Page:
US must counter Iran’s influence in Syria
The Iranian regime has turned Syria into a proxy battleground as tensions between the United States and Tehran rise in that theater. It is one of Iran’s main policies to turn other countries in the region into proxy battlegrounds in order to advance its political interests and hegemonic ambitions.
Last week, the US military carried out airstrikes in Syria’s Deir Ezzor province targeting “infrastructure used by groups affiliated with Iran’s Islamic Revolutionary Guard Corps”, according to a statement by Colonel Joe Buccino, US Central Command spokesperson. The order came directly from President Joe Biden, who “gave the direction of these strikes pursuant to his Article II authority to protect and defend American personnel by disrupting or deterring attacks by groups supported by Iran”.
Earlier this month, a drone attack hit a compound run by US troops and US-backed Syrian opposition fighters in eastern Syria near the borders with Jordan and Syria. ‘Iraq. Major General John Brennan, Commander of Combined Joint Task Force – Operation Inherent Resolve, stressed that such attacks “put the lives of innocent Syrian civilians at risk and undermine the important efforts of our partner forces to sustain enduring defeat. of (Daesh).”
Syria is a central pillar of the Iranian regime’s strategy in the Middle East. Some Iranian leaders even think that Syria is part of Iran. For example, Mehdi Taeb, a confidant of Supreme Leader Ali Khamenei, once said that Syria was “Iran’s 35th province…if we lose Syria, we can’t hold Tehran.”
The Iranian regime appears to have penetrated all Syrian government organizations, including its security and military infrastructure. Iran’s IRGC and its elite Al-Quds Force, which operates beyond Iran’s borders, are the main players. The regime also relies on its paramilitary groups and Shiite militia proxies.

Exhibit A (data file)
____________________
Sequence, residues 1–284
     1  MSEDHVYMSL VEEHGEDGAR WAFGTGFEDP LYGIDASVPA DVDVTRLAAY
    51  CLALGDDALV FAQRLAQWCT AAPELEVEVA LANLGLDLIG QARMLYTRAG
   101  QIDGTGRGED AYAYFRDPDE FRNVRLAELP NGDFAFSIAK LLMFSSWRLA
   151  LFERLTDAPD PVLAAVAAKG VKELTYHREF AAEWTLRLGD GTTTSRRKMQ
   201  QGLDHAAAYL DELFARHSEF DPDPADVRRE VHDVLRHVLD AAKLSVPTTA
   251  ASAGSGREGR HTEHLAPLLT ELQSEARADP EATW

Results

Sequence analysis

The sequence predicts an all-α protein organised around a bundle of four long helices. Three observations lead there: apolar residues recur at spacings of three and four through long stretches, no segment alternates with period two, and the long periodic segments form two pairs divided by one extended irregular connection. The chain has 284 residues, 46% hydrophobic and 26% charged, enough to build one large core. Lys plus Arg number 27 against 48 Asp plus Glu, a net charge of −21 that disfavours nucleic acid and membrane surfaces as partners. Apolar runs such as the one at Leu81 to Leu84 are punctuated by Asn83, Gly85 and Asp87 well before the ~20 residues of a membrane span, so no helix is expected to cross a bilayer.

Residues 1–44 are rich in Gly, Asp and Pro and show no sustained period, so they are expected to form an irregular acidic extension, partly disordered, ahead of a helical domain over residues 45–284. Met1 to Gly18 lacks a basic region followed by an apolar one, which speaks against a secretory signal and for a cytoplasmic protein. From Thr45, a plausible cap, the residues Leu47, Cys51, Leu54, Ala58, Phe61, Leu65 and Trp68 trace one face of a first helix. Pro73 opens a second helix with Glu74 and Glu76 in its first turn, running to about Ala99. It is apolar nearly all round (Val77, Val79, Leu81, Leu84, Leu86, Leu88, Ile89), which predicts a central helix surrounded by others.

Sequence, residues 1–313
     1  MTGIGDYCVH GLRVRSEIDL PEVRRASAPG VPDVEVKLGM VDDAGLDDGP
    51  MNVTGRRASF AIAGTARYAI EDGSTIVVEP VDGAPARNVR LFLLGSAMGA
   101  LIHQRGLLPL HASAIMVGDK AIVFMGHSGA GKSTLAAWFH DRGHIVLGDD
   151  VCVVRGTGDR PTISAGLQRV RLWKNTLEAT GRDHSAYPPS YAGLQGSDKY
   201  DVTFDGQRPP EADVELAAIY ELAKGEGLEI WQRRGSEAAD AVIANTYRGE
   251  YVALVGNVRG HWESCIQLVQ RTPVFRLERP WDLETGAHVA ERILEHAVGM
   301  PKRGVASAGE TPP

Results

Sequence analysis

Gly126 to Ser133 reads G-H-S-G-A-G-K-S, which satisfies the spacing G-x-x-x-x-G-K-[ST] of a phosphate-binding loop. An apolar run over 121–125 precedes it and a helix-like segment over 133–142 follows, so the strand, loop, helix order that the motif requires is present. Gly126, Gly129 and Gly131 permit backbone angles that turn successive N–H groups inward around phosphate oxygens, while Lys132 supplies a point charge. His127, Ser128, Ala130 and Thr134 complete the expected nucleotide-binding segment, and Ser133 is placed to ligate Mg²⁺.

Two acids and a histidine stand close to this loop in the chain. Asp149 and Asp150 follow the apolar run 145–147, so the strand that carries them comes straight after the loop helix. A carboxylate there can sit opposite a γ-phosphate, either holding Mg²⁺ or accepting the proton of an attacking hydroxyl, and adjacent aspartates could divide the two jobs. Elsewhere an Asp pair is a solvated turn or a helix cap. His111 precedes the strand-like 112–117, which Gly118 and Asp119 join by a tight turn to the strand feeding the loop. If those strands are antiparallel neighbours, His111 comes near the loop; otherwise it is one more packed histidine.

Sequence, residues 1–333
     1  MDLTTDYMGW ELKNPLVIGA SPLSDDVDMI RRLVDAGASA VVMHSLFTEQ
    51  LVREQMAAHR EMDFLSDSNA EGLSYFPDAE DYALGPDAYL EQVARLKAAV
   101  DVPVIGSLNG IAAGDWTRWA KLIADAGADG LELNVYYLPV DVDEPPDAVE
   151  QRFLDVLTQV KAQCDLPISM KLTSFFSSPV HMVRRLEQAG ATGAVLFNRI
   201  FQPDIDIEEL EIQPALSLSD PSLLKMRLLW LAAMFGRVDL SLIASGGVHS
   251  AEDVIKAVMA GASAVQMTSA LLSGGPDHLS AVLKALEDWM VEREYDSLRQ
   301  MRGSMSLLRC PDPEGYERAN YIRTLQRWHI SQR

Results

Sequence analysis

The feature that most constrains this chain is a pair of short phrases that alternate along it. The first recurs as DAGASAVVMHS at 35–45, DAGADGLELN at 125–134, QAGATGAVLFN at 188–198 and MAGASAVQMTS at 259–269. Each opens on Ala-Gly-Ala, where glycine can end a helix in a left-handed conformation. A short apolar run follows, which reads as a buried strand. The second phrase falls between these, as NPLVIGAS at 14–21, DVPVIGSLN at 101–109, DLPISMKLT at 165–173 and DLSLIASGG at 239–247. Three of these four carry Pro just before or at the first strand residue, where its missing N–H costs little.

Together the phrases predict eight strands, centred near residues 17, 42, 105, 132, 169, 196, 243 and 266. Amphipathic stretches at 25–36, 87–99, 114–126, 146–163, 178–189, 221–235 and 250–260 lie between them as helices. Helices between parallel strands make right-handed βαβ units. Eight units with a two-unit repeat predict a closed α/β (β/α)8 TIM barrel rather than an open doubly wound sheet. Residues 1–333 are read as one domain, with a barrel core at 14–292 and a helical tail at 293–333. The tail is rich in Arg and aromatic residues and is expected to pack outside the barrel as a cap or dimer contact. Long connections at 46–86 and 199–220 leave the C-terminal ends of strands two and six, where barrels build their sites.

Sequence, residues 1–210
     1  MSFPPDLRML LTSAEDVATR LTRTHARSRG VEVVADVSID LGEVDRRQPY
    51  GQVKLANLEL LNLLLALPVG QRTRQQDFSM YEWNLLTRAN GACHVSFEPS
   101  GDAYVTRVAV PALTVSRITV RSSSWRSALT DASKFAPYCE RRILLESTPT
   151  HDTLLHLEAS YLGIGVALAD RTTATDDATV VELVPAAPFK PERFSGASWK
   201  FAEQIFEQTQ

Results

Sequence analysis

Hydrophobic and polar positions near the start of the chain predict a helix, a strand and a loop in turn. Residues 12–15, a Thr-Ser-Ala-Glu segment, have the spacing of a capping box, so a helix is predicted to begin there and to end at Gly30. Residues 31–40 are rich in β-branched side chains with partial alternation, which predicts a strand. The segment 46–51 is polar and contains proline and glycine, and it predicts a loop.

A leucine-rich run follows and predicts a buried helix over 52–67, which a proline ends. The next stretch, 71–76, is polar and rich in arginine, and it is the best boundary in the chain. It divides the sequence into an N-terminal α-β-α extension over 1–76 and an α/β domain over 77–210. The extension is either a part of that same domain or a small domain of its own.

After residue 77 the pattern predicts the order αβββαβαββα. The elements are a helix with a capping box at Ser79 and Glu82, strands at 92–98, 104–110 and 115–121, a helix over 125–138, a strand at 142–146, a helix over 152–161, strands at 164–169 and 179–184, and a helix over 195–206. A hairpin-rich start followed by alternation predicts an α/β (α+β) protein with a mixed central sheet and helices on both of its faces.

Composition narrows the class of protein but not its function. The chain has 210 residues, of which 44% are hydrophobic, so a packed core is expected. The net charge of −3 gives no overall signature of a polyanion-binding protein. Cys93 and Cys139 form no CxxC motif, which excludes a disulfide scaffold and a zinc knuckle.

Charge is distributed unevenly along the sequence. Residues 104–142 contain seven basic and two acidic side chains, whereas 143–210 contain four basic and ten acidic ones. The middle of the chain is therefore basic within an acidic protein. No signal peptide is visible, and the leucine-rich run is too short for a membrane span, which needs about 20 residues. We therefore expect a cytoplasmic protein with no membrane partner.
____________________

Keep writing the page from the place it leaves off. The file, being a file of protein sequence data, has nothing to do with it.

While Iran’s hardliners favor interventionist policies, there are no significant differences between Iran’s political factions when it comes to the regime’s Syrian policy, which is most likely led by Khamenei personally. as well as senior IRGC and Quds Force officials. . To more effectively infiltrate and control Syria, the Iranian regime has built and opened schools and attempted to convert some Sunni mosques to Shia mosques in order to shift the country’s demographics in its favor.
The Iranian regime is also using Syria as a proxy battleground to score points against Israel. By exploiting the instability in Syria, the IRGC and the Al-Quds Force benefit from a military presence near Israel’s border. The IRGC has also established permanent military bases in Syria and exercises significant control over some of the country’s airports. From the Iranian leadership’s perspective, this is helping to tip the regional balance of power in their favor.
The Iranian regime has also gone further and set up factories involved in manufacturing advanced ballistic missiles and other weapons inside Syria. These include precision-guided missiles with the technology to hit specific targets. Iran’s arms factories based abroad give it an advantageous military capability to wage wars or strike other nations via third countries, such as Syria.
One of the most effective ways to reduce the Iranian regime’s influence in Syria is to cut off the flow of funds to the government, the IRGC and the Al-Quds Force. The proposed nuclear deal will instead increase Tehran’s revenue. For example, in 2013 and 2014, the theocratic establishment was in dire financial straits due to four rounds of UN Security Council sanctions. The pressure on Tehran was reflected in the speeches of Khamenei, who impatiently called on Assad to control the situation in Syria. Unfortunately, the 2015 nuclear deal changed things. Billions of dollars have poured into the Iranian treasury, bringing significant relief. Financial and military support for Assad grew, and Tehran later publicly acknowledged having forces on the ground in Syria.
The Iranian regime appears to have penetrated all Syrian government organizations, including its security and military infrastructure.
Dr Majid Rafizadeh
The new nuclear deal will not moderate the Iranian regime’s regional policy. Instead, hardliners – primarily the supreme leader and IRGC leaders – will act to reinforce their monopoly over the political and economic systems. And the main beneficiaries of Iran’s improved economic status will be Khamenei’s golden circle, the IRGC, the Al-Quds Force, the Ministry of Intelligence, the Basij military force and Iran’s allies, including Bashar Assad in Syria and Tehran’s proxies throughout the region. . In other words, the nuclear deal will mean that the Iranian regime will have more funds to invest in its military and proxy groups and to interfere more in the internal affairs of other countries.
The US administration must implement a comprehensive policy, including reducing the flow of funds to the IRGC, to effectively counter Iran’s destabilizing policy in Syria.
- Dr. Majid Rafizadeh is a Harvard-educated Iranian-American political scientist. Twitter: @Dr_Rafizadeh
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